In any case, publishers usually waive charges for researchers from low- and middle-income countries (LMICs). I can’t remember ever hearing that a paper submitted  by an African researcher and recommended by peer review was rejected by a respectable APC-funded OA journal because the author or author’s institution refused to pay the APC. The APC is simply not a real barrier for African researchers writing papers good enough to be published. (On the other hand, it is a barrier for people like me, teaching at a UK university but without research funding – and as we know it is next to impossible to get research funding for knowledge management).

Having said that, I completely acknowledge, as did the UK government report  developed by INASP4 that, “Fee waivers can only ever be a short-term solution for LMICs, acting as a temporary fix to enable LMIC researchers to access Northern driven publishing systems, which do not work for LMIC research economies.” Incidentally, this precise issue is my main concern in my current (unpaid) advisory role with the US Copyright Clearance Centre.

The journals that are most likely to refuse a paper for non-payment of the APC are the so-called “predatory journals”, which will publish almost anything if you pay them. Predatory journals only exist to milk APCs from innocent academics, and are not respected or accepted by any academic community.

Finally, the question of open access books:. Like most readers and most writers, I am all in favour of OA books. Springer Nature surveyed5 2,500 academic book authors about OA for books, and they came up with the following main findings:

  • Most book authors support the idea that all future scholarly books should be open access
  • Pro-open access attitudes are stronger among junior researchers, researchers based in Europe and Asia, and previous open access book authors
  • Ethical reasons (equality in access), and reaching a larger audience are identified as key motivations for choosing open access for books
  • Lack of awareness, concerns about quality, and lack of funding are barriers to OA publication
  • The majority of book authors want more financial support from funders for open access book publication
  • Gold open access is the most preferred policy for open access books
  • Reputation of publishers matters less to open access book authors but is still the deciding factor for publication.

So, while I am definitely in favour of OA books., as the above findings show, the most-touted (and really the only feasible) method of providing these is Gold OA – in other words, the dreaded APC. Essentially what this means is that the book has to be subsidised by an individual or institution. How to avoid that this process (and the content) is “Western-centric” beats me. I would welcome ideas on this and the other issues raised regarding open access for Africa.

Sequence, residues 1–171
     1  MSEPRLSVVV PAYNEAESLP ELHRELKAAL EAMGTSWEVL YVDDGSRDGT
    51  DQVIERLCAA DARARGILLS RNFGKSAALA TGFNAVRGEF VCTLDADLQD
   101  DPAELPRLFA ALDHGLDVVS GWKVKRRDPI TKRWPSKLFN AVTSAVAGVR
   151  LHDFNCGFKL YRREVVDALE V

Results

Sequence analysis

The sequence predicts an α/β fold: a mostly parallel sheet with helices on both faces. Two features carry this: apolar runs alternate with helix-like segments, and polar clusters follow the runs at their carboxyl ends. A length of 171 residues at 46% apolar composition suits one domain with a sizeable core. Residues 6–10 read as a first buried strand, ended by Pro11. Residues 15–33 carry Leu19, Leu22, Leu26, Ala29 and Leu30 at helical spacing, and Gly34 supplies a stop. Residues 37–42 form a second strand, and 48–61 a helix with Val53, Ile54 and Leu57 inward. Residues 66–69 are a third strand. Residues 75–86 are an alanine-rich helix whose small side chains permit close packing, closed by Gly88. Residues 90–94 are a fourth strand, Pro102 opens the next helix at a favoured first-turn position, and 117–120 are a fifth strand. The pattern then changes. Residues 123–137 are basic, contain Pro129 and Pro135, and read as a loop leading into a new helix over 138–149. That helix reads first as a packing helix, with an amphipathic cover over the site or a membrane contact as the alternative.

Header image source: Created by RealKM Magazine from Africa (orthographic projection) (Wikimedia Commons, CC BY-SA 3.0) and Open Access logo PLoS (Public Domain), licensed for reuse with attribution under CC BY-SA 3.0.


  1. Eve, M. P., & Gray, J. (Eds.) (2020). Reassembling scholarly communications: Histories, infrastructures, and global politics of Open Access. MIT Press.
  2. Nkoudou, T.H.M. (2020). Epistemic Alienation in African Scholarly Communications: Open Access as a Pharmakon. In Eve, M. P., & Gray, J. (Eds.) Reassembling scholarly communications: Histories, infrastructures, and global politics of Open Access. MIT Press.
  3. Zielinski, C. (1995). New equities of information in an electronic age. BMJ310(6993), 1480-1481.
  4. Harle, J., & Warne, V. (2020). Open Access: challenges and opportunities for Low-and Middle-Income Countries and the potential impact of UK policy. Report of a consultation commissioned by the UK Foreign, Commonwealth and Development Office in collaboration with National Institute for Health Research and UK Research and Innovation.
  5. Pyne, R., Emery, C., Lucraft, M., & Pinck, A. S. (2019). The future of open access books: findings from a global survey of academic book authors. Springer Nature White Paper.
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Chris Zielinski

Chris is a Visiting Fellow and Lecturer in Global Health at the University of Winchester (UK). He leads the Partnerships in Health Information (Phi) programme (, a development consultancy working in the areas of evaluation, health and information policy, open access, knowledge management, copyright and ethics. Chris has held senior positions at the World Health Organization and other UN organizations in Vienna, Geneva, Rome, Egypt, India, Zimbabwe and the Congo. He has also been CEO of the Authors Licensing and Collecting Society – the copyright society for British authors – and has held a number of elected and honorary appointments related to media, digital and ethical issues.